[show abstract][hide abstract] ABSTRACT: Dysconnectivity theories of schizophrenia would suggest that the connectivity of the cerebellum is impaired and that the impairment may be restricted to certain tracts. Attempts to examine the structural connectivity of the cerebellum using diffusion tensor imaging have yielded conflicting results. However, previous studies have employed region-of-interest approaches or have used small or unmatched samples, with a consequent risk of type II error.
We conducted an appropriately powered case-control study of 33 patients with schizophrenia and 33 matched healthy control subjects. We used tractography to dissect the four white matter tracts of the cerebellum and measured fractional anisotropy (FA) and mean diffusivity (MD) over each tract for each subject.
Repeated-measures analysis of variance found that FA was lower in the schizophrenia group compared with the control group, but there were no tract-specific differences between the groups. Mean diffusivity did not differ between the groups.
Though structural connectivity is impaired in the cerebellum, it is not local to any particular tract but appears to have a wider, possibly global, distribution. Reduced fractional anisotropy with normal MD would point to the differences being due to disordered neuronal architecture rather than disordered myelination.
[show abstract][hide abstract] ABSTRACT: Psychopathy is strongly associated with serious criminal behaviour (for example, rape and murder) and recidivism. However, the biological basis of psychopathy remains poorly understood. Earlier studies suggested that dysfunction of the amygdala and/or orbitofrontal cortex (OFC) may underpin psychopathy. Nobody, however, has ever studied the white matter connections (such as the uncinate fasciculus (UF)) linking these structures in psychopaths. Therefore, we used in vivo diffusion tensor magnetic resonance imaging (DT-MRI) tractography to analyse the microstructural integrity of the UF in psychopaths (defined by a Psychopathy Checklist Revised (PCL-R) score of > or = 25) with convictions that included attempted murder, manslaughter, multiple rape with strangulation and false imprisonment. We report significantly reduced fractional anisotropy (FA) (P<0.003), an indirect measure of microstructural integrity, in the UF of psychopaths compared with age- and IQ-matched controls. We also found, within psychopaths, a correlation between measures of antisocial behaviour and anatomical differences in the UF. To confirm that these findings were specific to the limbic amygdala-OFC network, we also studied two 'non-limbic' control tracts connecting the posterior visual and auditory areas to the amygdala and the OFC, and found no significant between-group differences. Lastly, to determine that our findings in UF could not be totally explained by non-specific confounds, we carried out a post hoc comparison with a psychiatric control group with a past history of drug abuse and institutionalization. Our findings remained significant. Taken together, these results suggest that abnormalities in a specific amygdala-OFC limbic network underpin the neurobiological basis of psychopathy.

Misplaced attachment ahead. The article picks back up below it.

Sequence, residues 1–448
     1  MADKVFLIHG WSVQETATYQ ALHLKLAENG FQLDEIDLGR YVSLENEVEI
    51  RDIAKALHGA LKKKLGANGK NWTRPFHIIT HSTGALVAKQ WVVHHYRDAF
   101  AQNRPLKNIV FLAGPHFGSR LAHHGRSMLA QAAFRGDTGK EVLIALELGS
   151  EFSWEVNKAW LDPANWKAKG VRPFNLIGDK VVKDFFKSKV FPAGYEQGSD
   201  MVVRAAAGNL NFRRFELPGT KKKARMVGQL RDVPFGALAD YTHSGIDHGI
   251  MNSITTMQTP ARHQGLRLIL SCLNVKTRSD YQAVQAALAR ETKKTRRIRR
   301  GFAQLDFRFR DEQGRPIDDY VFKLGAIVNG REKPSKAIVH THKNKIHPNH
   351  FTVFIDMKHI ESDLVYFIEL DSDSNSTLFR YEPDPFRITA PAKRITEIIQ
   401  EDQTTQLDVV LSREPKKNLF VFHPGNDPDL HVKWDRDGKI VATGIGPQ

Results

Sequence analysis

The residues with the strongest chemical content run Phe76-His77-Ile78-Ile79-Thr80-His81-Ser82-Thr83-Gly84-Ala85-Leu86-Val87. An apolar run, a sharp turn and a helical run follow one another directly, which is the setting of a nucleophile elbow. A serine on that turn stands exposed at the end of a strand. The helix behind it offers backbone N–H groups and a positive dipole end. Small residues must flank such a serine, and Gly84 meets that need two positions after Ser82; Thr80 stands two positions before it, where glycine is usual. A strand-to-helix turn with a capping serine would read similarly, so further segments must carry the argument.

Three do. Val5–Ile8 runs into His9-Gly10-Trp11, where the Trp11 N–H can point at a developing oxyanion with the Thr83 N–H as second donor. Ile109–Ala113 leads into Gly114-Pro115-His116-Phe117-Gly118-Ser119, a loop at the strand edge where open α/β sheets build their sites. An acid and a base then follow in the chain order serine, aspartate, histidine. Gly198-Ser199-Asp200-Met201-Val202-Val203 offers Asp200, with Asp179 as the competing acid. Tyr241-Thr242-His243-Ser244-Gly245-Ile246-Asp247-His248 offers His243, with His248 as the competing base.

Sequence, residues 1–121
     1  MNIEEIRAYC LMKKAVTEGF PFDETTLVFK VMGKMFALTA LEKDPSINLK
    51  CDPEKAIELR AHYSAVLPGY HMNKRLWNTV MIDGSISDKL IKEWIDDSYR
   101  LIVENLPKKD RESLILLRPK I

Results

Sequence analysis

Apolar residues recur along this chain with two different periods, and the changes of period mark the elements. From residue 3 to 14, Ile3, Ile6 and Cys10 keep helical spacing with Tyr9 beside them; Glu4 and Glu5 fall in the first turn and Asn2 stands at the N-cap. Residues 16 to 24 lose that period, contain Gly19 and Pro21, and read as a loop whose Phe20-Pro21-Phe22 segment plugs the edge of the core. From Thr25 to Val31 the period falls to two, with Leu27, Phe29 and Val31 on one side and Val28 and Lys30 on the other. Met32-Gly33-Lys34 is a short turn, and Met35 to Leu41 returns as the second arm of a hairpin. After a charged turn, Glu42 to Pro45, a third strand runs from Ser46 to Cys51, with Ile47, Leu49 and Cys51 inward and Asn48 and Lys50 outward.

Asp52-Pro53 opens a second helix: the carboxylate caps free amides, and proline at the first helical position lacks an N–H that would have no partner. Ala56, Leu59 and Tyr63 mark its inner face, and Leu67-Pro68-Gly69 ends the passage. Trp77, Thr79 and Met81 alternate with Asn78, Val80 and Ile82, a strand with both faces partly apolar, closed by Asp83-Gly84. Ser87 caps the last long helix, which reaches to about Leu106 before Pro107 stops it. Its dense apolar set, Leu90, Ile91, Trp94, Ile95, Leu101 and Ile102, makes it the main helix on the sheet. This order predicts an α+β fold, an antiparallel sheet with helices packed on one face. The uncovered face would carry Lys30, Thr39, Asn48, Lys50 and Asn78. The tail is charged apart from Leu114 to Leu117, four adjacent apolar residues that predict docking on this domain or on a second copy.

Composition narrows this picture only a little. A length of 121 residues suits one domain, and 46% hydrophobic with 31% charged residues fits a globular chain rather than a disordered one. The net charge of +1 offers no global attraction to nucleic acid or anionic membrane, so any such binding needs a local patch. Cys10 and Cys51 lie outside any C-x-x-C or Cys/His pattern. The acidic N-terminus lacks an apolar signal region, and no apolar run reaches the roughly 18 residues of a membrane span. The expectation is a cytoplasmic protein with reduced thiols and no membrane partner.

[show abstract][hide abstract] ABSTRACT: Previous studies suggest that estrogen therapy (ET) either improves or has a neutral effect on the structural integrity of neural tissue in postmenopausal women. The inconsistency in the findings of previous studies is likely to be due to a variety of methodological factors. In this study, we attempted to overcome many of these factors.
We used magnetic resonance imaging and voxel-based morphometry to study the long-term effects of ET commenced immediately postmenopause on age-related differences in (1) normalized lobar brain volumes and (2) regional gray and white matter concentrations. We included 61 healthy women: 23 young, 19 postmenopausal long-term ET users (who had started ET around the time of menopause) and 19 postmenopausal ET never-users.
We report that ET users did not differ significantly from never-users in age, duration of menopause, general intelligence, mnemonic function or apolipoprotein E allele frequency. Compared to young women, both ET users and never-users had significantly smaller normalized volumes of whole brain and left and right frontal lobes, but ET users did not differ significantly from never-users in bulk brain volumes. Compared to young women and ET users, never-users had significantly lower gray matter concentration bilaterally in orbitofrontal cortices and cerebellum, right inferior frontal and precentral cortices, and left paracentral cortex.